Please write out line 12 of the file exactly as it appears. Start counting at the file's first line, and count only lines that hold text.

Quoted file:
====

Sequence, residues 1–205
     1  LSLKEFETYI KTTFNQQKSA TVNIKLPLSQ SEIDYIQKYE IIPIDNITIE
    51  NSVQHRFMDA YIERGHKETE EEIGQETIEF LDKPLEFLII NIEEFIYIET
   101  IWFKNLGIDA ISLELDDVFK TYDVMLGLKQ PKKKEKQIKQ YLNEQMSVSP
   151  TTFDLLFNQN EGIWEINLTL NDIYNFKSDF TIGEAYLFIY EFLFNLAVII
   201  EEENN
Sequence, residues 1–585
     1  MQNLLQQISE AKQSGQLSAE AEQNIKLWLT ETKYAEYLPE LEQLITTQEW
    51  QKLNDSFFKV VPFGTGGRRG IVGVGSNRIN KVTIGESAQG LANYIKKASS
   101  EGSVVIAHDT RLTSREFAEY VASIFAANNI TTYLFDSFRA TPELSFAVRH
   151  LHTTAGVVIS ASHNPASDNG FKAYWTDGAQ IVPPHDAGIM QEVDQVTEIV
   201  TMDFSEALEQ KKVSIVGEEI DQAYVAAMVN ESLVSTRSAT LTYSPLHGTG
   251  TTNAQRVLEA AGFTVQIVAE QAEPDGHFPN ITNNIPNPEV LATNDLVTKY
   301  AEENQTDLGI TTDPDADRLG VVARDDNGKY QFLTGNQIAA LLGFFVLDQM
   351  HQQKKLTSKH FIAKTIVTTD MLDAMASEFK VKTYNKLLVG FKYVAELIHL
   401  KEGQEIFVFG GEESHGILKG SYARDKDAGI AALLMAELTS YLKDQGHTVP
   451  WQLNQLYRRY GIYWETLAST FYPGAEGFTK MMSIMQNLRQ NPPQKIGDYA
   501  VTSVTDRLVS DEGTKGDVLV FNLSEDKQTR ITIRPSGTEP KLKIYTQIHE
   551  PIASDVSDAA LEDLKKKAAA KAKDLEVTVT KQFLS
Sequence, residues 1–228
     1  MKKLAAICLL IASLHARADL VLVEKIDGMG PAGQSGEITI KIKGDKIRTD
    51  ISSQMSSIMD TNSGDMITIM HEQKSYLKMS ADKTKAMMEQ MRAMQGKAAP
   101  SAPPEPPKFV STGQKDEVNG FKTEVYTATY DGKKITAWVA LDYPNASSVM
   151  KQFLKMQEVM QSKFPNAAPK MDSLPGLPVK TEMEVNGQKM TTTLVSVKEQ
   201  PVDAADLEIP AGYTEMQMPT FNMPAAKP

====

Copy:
   201  TMDFSEALEQ KKVSIVGEEI DQAYVAAMVN ESLVSTRSAT LTYSPLHGTG